Japan Geoscience Union Meeting 2016

Presentation information


Symbol P (Space and Planetary Sciences) » P-PS Planetary Sciences

[P-PS11] Planetary Sciences

Wed. May 25, 2016 5:15 PM - 6:30 PM Poster Hall (International Exhibition Hall HALL6)

Convener:*Keiko Hamano(Department of Earth and Planetary Science, Graduate School of Science, University of Tokyo), Shunichi Kamata(Creative Research Institution, Hokkaido University)

5:15 PM - 6:30 PM

[PPS11-P31] Erosion and Replenishment of Atmosphere and Ocean on Earth during Heavy Bombardment

*Yui Kozasa1, Hidenori Genda2, Hiroyuki Kurokawa2, Shigeru Ida1,2 (1.Department of Earth and Planetary Sciences, Tokyo Institute of Technology, 2.Earth-Life Science Institute, Tokyo Institute of Technology)

Keywords:heavy bombardment, atmospheric erosion, oceanic erosion

After the Earth’s formation, Earth experienced a lot of collisions of small objects such as asteroids and comets. These impacts, the so-called heavy bombardment, should have a great influence on the Earth’s atmosphere. For example, the atmosphere can be eroded by the impact and also can be replenished by the volatile in the asteroid bodies. At the same time, Earth’s ocean might exist in the early stage (Wilde et al., 2001). Therefore the ocean would also experience the erosion and replenishment by these impacts. The purpose of this work is to investigate the effects of these impacts on atmosphere and ocean throughout this heavy bombardment event.
There are several previous papers on atmospheric erosion caused by just one impact (Svetsov 2000, 2007; Shuvalov 2009, 2014). In these papers, the eroded atmosphere mass by a single impact was analytically and/or numerically investigated, and its dependence to impact parameters (e.g. impactor diameter, impact velocity, atmosphere pressure,) is formulated as the equations with several parameter sets. For a long-term evolution, de Niem et al. (2012) focused on the atmosphere erosion and replenishment during LHB (late heavy bombardment), which is thought to happen during 3.8 Ga. During LHB, the total impactor mass is less than 0.01% of Earth mass. By Monte Carlo approach, de Niem et al. (2012) found that the atmospheric pressure strongly increases both in Earth and Mars during LHB.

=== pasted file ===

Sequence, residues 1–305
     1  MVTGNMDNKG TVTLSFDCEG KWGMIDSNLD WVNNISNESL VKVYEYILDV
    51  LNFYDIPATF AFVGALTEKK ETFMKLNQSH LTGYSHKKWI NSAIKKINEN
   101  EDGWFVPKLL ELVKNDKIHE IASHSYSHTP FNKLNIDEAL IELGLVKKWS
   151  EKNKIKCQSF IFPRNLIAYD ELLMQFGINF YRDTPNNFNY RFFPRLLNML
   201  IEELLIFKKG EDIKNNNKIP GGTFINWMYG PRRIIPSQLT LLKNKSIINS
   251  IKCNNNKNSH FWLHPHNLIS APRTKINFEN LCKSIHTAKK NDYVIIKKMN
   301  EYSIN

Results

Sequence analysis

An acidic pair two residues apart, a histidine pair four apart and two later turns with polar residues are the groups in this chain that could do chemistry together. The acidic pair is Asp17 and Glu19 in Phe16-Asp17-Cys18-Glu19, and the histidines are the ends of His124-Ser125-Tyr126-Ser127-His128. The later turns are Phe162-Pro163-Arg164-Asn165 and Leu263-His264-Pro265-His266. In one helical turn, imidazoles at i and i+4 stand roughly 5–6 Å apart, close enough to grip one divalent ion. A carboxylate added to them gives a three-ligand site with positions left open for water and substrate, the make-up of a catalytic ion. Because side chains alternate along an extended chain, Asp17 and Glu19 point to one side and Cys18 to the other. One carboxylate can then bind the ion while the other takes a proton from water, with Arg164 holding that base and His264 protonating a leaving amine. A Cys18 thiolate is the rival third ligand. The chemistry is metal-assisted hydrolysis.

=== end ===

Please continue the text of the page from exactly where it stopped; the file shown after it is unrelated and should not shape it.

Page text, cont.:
In our study, we also use a Monte Carlo calculation of atmosphere and ocean simultaneously. To consider the whole term of heavy bombardment, we computed until the total impactor mass reaches 1% of the Earth mass. We also used several atmospheric erosion models to study how the mass change behavior depends on the model. To regard the ocean mass evolution, the erosion mass of ocean is taken from the target loss mass in Svetsov (2009), which was calculated simultaneously with the atmospheric erosion. We applied the water density as the target density. For Monte Carlo calculation, we used the current size distribution of the Main belt asteroids. Impact velocity distribution is taken from a numerical model, and we used three parameters for the volatile and water content of asteroids.
As a result, the atmosphere is extensively eroded in the model of Svetsov (2000, 2007), and the atmospheric pressure converges to a certain value, which depends on the concentration of volatile amount in impactors, regardless of the pre-existing atmospheric pressure. However, the erosion of the atmosphere is minor in the model of Shuvalov (2014). The behavior of the atmospheric mass strongly depends on the erosion models used in the computation. The ocean erosion did not depend on the atmosphere in spite of the impact energy dependency to atmosphere pressure in Svetsov (2009). The erosion of the ocean is moderate than that of atmosphere. Therefore, the final ocean depth depend on the pre-existing ocean mass and water content of the impactor.
From the results of Svetsov (2000, 2007) model, the combination of extensive erosion of atmosphere and moderate erosion of ocean would explain the difference of H/C ratio between carbonaceous chondrites and the Earth’s hydrosphere or bulk silicate Earth (Hirschmann & Dasgupta 2009). Also, the erosion of pre-existing atmosphere is considerable. It depends on the parameter, but the remaining ratio would be only 0.0001~10%. For this, the heavy bombardment can erode massive H-He protoatmsophere, even if the Earth got the surrounding nebular gas (Ikoma & Genda 2006). The erosion of pre-existing ocean might explain the problem that the Earth is depleted in halogen elements such as Cl, Br, and I (Sharp & Draper 2013), by thinking the elements being dissolved into pre-existing ocean. However, in this study the ocean erosion was not effective. The erosion of pre-existing ocean is estimated about 20%, and it is not enough to explain the whole depletion of Halogen.